gnome starts all startup programs at once

Bug #148605 reported by Bogdan Butnaru on 2007-10-03
This bug affects 2 people
Affects Status Importance Assigned to Milestone
gnome-session (Ubuntu)
Ubuntu Desktop Bugs

Bug Description

Gnome starts all "startup" applications at once after login. I have many applications I use virtually all the time, some of which are relatively heavyweight. This includes, for instance, Skype and Pidgin, though it could very well include Firefox too. There are many applets and tools that are installed by default, too. All of them I'd like started automatically (ie, I'll start them anyway, so why should I have to remember and do this by hand), so they're very much perfect candidates for the auto-start trick.

Of course, I can do that right now using the gnome-session-properties applet.

There's just one problem: Since Gnome starts all of them at once, immediately after log-in, I can't use my desktop for at least a minute after the login. The fact that I need these apps opened all the time _doesn't_ mean that I need them right away. Even if I did need them right away, I couldn't use them until they all start, since the startup thrashes the disk too much.

So I propose adding an option for delayed, low-priority startup. Almost none of the apps are needed right away, so it might actually make sense to use the trick for all of them.

The idea is to have a "slow-start" option. A startup application that has this enabled would (a) be started a little after startup, say 30 seconds later, when the initial disk-thrashing has stopped and the user already started working, and (b) the app would be started niced to a low priority, and raised to the normal priority 30 seconds later. The two approaches can be combined, but any of them would help by itself. Also, the low-priority processes could be staggered by 10 seconds or so, to prevent disturbing the user.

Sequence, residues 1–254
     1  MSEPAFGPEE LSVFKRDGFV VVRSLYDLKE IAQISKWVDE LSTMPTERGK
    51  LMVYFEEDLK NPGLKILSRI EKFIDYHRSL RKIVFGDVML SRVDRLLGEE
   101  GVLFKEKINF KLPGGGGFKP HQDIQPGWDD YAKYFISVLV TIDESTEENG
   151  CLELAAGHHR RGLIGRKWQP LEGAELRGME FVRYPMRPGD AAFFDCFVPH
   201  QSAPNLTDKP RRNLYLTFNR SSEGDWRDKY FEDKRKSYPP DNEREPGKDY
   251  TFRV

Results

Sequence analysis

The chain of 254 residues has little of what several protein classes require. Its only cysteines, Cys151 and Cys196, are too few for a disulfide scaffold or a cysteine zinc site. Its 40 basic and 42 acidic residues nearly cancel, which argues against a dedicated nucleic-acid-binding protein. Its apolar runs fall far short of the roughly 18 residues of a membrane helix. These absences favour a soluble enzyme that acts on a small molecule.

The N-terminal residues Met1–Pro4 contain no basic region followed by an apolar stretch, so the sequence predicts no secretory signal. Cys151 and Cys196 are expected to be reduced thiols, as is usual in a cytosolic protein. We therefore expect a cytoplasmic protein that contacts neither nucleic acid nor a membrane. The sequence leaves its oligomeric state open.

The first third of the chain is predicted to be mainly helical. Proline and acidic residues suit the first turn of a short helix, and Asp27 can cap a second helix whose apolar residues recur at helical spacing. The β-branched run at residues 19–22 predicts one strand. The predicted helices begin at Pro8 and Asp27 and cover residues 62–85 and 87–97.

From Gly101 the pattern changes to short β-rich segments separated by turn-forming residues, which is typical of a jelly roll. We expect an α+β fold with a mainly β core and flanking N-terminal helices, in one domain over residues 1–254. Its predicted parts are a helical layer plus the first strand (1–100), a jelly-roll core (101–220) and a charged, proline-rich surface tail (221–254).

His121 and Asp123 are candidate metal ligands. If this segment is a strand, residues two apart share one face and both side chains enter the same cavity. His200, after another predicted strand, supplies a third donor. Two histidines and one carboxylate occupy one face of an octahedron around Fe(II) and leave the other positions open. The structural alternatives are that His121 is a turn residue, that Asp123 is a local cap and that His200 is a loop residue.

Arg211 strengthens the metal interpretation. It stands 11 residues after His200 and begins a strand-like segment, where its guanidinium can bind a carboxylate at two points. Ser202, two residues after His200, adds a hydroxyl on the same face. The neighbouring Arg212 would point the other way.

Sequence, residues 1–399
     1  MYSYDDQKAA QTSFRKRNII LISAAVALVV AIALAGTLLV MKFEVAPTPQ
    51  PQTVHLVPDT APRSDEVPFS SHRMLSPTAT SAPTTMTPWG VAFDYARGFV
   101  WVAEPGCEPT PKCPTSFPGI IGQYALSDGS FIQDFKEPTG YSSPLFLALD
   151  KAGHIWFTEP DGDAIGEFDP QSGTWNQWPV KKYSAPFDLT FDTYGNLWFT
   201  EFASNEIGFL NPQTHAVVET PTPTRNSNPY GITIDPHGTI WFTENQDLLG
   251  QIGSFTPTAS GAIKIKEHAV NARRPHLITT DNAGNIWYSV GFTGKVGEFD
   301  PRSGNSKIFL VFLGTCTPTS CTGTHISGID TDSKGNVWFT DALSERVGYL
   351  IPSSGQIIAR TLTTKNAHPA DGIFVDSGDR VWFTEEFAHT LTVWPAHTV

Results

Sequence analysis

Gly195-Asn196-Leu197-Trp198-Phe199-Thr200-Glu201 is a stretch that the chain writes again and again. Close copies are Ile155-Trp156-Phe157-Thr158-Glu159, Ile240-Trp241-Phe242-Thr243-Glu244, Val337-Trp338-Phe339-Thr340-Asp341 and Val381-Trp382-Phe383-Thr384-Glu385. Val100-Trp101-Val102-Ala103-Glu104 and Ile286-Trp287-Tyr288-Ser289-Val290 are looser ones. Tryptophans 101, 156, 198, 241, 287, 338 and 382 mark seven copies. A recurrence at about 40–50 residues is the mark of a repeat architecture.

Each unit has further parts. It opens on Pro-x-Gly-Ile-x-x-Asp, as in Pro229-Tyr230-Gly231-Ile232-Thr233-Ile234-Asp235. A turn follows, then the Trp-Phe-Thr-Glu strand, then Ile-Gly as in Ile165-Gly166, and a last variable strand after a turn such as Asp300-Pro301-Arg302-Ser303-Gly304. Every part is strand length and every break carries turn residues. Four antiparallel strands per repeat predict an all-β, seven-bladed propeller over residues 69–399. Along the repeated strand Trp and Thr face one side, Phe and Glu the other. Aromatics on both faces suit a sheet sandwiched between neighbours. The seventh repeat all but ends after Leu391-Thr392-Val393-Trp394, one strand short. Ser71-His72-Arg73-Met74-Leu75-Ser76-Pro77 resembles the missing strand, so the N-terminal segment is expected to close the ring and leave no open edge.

Examples of apps that can take advantage of this, in approximate order they should be started in:
- the network manager
- every communication app, like Pidgin or Skype
- some of the panel applets, like the deskbar and even the task&workspace switchers
- the power manager, print manager, and volume manager
- evolution's and other mail/alarm notifiers
- tracker, beagle and similar things

All of these are needed all the time, but not right away.

I've tried doing this (actually, just part b) by changing the start-up commands to something like 'bash -c "delay 30; pidgin', and it works OK as far as starting up goes. However, the (many) bash processes are kind-of heavy-weight, and they remain active the entire session. This also tends to clog up the process list, and it's a bit confusing. Something done directly in the start-up object would work much better.

See also bug 32194.

Mackenzie Morgan (maco.m) wrote :

I like this idea. It takes too long to get from login screen to desktop with just a blank screen. The unusable time after login is like Windows.

Changed in gnome-session:
importance: Undecided → Wishlist
Pedro Villavicencio (pedro) wrote :

That's planned with the inclusion of the new GNOME Session, you can read more about it here:

Sebastien Bacher (seb128) wrote :

Not sure if we should keep the bug, that's not really one. That's a request for design change and should be worked upstream not from a distribution specific way, the bug tracker is also the wrong place for such discussion since almost nobody read the bugs there, should be moved to a specification or a discussion on a list rather

Changed in gnome-session:
assignee: nobody → desktop-bugs
status: New → Triaged
Didier L (l-farquaad) wrote :

I am in the same situation, but this may be linked to bug #151544 (Gnome taking too much time to load)

description: updated
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